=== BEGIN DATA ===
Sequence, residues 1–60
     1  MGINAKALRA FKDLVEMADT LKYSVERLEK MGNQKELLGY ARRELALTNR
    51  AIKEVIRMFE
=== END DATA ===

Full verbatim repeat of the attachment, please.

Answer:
Sequence, residues 1–60
     1  MGINAKALRA FKDLVEMADT LKYSVERLEK MGNQKELLGY ARRELALTNR
    51  AIKEVIRMFE